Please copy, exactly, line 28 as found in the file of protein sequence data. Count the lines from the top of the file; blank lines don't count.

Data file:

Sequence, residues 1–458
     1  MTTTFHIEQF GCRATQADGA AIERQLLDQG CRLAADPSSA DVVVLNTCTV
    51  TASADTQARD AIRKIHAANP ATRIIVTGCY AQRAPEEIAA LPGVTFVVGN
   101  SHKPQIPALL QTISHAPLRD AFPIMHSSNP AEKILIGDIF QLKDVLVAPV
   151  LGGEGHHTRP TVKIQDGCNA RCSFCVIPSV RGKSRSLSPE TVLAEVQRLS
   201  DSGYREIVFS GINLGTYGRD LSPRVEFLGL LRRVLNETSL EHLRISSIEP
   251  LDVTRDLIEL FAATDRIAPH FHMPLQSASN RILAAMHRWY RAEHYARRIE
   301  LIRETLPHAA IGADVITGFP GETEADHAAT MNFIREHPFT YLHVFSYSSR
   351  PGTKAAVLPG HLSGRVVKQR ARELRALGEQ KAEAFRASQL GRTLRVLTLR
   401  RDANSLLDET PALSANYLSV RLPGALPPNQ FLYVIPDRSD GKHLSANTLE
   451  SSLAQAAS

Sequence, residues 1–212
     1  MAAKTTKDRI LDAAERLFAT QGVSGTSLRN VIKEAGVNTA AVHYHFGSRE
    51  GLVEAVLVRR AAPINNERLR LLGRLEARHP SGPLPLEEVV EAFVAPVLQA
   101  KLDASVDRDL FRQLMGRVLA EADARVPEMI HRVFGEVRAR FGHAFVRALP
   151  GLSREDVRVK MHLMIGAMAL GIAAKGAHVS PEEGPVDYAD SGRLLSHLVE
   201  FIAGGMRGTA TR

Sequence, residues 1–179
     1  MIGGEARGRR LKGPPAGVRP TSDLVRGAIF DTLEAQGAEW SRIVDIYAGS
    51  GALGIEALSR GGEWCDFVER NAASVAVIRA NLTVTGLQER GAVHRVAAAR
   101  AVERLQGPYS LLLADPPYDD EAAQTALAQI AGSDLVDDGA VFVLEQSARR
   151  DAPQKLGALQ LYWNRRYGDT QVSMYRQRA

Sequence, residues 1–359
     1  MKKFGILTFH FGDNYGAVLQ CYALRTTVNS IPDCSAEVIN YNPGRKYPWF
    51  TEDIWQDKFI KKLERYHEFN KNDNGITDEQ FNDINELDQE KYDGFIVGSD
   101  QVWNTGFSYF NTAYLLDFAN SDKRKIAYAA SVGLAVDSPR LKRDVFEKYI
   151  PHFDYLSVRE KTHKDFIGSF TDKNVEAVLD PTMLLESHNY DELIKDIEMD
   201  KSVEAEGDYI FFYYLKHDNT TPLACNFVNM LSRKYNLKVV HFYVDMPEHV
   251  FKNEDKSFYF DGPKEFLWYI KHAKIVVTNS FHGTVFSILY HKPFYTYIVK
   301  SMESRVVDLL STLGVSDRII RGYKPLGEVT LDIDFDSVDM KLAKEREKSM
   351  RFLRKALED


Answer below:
   201  KSVEAEGDYI FFYYLKHDNT TPLACNFVNM LSRKYNLKVV HFYVDMPEHV